I think the Pennywhistlers' version was its first appearance on an American album; it's listed as a Macedonian song (as Garcia recalled), and perhaps was one of the fruits of Ethel Raim's field trip to the Balkans.

The Pennywhistlers also sang the song in Pete Seeger’s 1966 “Rainbow Quest” TV show:
The melodic bit that caught Garcia’s ear would later become the line, “Whoa-oh, what I want to know…” This was a surprise to me. I had thought that a catchy bit like the “Come hear Uncle John’s Band” riff or the initial verse line would have been the first inspiration for the song, but no, it was a twisting little melody that he’d use to awkwardly round out the verse – not the most obvious hook in the song. (It’s possible this wasn’t the only song to fire his imagination – for instance another Macedonian song, ‘Iz Dolu’ on the Pennywhistler’s “Cool Day” album, seems to have some melodic resemblance to the Uncle John’s verse, though that could just be a coincidence or my imagination.)

Once Garcia had put together the instrumental skeleton of the song, he and the Dead jammed on it at length as a loud blazing rock tune, trying out different variations. At this point the lumbering 7/8 riff in the song had become a prominent feature, repeated over and over at beginning and end. They made a rough tape of their rehearsal and gave it to Robert Hunter to write lyrics for the song. 
Hunter recalled, “That came from a tape that the band made of a tune of Jerry’s. They had the whole tune together, drums and everything – in fact I still have that tape – and I played it over and over and tried writing to it. I kept hearing the words ‘God damn, Uncle John’s mad,’ and it took a while for that to turn into ‘Come hear Uncle John’s band’…” (Goin’ Down the Road, p.222)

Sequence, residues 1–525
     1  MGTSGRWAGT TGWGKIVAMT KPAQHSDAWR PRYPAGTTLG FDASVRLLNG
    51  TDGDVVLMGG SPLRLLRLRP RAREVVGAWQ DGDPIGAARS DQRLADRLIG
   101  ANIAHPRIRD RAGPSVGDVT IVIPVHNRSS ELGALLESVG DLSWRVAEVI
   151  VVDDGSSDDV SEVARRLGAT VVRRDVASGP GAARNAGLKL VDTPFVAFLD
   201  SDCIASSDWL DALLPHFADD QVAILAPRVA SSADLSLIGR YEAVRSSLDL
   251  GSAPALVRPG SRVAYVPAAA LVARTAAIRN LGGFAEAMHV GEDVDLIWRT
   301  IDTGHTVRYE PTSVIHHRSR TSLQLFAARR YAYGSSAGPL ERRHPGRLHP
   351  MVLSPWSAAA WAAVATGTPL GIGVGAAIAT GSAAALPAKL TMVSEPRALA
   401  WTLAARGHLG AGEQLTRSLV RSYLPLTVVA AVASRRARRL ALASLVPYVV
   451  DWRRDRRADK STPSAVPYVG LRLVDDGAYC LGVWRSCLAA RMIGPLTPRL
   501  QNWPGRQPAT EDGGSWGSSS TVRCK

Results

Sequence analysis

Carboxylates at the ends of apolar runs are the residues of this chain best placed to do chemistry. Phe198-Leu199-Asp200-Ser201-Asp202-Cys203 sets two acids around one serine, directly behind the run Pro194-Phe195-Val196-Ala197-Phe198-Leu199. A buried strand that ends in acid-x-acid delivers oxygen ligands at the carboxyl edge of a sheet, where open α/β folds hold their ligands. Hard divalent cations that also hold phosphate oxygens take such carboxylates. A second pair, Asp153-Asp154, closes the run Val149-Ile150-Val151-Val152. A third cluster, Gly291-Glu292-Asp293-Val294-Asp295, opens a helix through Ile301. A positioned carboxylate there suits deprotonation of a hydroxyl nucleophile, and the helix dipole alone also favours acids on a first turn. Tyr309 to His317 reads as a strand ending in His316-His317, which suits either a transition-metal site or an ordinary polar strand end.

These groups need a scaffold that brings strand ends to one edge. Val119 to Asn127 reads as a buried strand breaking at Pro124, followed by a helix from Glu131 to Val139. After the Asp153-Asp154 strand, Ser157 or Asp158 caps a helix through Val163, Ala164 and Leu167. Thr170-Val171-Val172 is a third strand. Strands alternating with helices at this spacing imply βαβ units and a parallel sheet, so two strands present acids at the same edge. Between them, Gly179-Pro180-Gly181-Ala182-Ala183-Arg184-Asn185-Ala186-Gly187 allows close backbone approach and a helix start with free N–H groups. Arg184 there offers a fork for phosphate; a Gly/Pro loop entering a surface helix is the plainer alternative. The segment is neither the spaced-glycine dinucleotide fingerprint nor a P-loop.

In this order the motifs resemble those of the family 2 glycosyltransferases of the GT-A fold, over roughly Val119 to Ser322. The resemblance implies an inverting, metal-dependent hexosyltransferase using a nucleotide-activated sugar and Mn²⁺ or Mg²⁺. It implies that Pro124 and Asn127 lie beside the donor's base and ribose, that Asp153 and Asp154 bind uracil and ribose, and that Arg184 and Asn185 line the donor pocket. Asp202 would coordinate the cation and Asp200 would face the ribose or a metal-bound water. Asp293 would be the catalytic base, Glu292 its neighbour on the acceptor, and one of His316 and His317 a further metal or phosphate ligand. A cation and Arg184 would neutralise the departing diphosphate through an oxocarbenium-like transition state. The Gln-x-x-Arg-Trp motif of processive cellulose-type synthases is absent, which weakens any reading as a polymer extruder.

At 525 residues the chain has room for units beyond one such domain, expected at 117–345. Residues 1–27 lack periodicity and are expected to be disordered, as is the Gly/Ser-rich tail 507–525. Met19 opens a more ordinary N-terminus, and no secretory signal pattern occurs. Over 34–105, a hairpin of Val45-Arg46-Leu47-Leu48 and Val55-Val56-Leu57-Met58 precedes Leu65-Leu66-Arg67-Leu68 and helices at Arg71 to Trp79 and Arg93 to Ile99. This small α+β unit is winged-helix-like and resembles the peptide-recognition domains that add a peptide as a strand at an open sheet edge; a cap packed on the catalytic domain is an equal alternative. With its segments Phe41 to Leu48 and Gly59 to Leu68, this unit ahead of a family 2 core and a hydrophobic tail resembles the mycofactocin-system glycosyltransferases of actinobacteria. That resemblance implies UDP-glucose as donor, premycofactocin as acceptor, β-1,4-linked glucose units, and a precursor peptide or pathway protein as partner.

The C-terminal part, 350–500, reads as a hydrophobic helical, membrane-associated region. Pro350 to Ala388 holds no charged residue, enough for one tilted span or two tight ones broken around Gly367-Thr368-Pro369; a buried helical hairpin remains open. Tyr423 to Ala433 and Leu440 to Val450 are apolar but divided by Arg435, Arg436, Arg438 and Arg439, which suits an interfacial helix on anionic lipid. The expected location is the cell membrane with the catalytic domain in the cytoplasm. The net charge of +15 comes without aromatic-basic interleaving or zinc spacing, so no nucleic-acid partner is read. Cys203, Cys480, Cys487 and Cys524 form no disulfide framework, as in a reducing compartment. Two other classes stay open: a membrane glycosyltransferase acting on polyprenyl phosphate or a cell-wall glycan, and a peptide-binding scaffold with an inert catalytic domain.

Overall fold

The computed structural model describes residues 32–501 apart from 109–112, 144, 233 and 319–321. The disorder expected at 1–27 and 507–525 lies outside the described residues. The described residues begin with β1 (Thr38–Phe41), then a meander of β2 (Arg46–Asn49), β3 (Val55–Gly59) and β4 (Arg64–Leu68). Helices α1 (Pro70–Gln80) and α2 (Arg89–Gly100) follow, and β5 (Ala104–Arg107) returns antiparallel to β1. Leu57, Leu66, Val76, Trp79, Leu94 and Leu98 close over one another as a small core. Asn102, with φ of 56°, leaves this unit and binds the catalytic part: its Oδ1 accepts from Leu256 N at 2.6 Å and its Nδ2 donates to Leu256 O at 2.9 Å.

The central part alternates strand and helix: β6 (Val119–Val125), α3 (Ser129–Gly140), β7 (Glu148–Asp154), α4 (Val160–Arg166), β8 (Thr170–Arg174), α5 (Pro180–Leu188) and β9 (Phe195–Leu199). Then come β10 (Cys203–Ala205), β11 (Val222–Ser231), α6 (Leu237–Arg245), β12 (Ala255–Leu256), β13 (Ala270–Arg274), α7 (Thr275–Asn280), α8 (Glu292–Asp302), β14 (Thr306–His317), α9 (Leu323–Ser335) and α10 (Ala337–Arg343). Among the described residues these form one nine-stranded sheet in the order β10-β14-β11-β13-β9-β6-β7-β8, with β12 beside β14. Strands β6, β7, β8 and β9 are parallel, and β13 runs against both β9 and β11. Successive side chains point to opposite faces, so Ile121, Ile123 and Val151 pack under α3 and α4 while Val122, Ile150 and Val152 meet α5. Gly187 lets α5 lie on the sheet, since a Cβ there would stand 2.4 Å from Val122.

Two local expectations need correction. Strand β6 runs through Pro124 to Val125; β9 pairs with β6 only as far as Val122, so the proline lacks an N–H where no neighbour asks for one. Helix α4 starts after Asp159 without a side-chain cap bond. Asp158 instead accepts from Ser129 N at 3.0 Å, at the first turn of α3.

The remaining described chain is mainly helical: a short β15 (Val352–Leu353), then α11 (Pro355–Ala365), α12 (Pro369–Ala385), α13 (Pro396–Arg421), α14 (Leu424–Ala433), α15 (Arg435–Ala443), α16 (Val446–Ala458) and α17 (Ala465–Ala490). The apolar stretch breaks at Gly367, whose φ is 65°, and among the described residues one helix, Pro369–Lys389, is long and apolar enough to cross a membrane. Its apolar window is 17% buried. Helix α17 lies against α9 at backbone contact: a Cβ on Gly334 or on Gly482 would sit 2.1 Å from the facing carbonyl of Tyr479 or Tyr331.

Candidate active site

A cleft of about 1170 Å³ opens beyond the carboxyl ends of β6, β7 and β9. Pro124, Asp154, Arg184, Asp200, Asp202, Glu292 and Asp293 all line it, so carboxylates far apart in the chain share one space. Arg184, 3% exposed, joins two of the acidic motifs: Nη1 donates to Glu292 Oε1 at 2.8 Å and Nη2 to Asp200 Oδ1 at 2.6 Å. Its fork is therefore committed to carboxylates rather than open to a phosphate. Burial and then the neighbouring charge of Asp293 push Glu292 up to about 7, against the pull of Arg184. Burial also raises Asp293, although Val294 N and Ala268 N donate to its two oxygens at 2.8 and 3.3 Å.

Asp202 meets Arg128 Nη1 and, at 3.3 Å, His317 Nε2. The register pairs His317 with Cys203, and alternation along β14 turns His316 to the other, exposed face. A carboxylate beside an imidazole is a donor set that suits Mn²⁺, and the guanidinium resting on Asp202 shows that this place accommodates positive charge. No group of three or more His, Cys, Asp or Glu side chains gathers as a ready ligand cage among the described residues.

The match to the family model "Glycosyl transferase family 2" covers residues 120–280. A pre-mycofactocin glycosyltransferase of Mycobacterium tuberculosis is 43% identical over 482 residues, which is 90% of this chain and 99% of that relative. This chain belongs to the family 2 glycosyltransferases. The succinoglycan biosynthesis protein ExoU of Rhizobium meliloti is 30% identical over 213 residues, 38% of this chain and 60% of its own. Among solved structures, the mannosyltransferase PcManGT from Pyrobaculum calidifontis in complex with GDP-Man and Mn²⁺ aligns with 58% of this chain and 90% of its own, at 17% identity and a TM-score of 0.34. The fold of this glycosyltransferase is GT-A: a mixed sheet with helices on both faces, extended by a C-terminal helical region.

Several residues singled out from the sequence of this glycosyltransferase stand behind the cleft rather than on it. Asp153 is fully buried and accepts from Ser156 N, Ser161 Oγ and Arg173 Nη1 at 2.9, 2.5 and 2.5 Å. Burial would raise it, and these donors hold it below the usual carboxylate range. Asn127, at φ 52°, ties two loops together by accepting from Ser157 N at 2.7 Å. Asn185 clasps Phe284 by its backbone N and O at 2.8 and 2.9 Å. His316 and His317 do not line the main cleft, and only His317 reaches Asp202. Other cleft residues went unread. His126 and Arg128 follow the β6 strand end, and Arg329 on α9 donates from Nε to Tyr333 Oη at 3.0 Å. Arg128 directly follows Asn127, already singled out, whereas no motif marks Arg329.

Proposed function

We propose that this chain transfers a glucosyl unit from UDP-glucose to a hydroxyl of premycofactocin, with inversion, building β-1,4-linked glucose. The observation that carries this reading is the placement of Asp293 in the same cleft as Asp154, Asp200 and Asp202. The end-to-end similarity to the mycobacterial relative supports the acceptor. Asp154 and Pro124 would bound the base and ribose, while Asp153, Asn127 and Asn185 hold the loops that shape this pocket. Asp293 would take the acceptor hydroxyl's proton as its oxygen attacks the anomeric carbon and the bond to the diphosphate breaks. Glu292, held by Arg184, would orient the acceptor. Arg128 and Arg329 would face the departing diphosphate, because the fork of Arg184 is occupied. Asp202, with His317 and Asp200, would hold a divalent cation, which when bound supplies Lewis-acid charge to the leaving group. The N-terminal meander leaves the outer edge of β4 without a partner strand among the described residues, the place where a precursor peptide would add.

Meanwhile, Garcia didn’t even wait for Hunter to finish the words before he started showing off his new tune at Dead shows. It appeared as an instrumental jam at three shows in early November ’69 – in the Alligator jam on 11/1:
in the Dark Star on 11/7:
and in Dark Star again on 11/8:

Hunter finished the lyrics later that month, and the Dead worked up a singing arrangement. Garcia would later tell Rolling Stone, “Uncle John’s Band was a major effort as a musical piece. It’s one we worked on for a really long time to get it working right.” (Signpost p.70) Perhaps under the influence of Crosby Stills & Nash, the song was now filled with group harmonies. (Garcia later mentioned, “They never actually worked with us, [but] having them around and sitting down and singing with acoustic guitars was such a turn-on for us that we just got into it.”) Ironically, the song first inspired by a choral folk tune had moved through a fast-paced blasting rock phase and then become a gentle calypso-flavored choral folk tune again.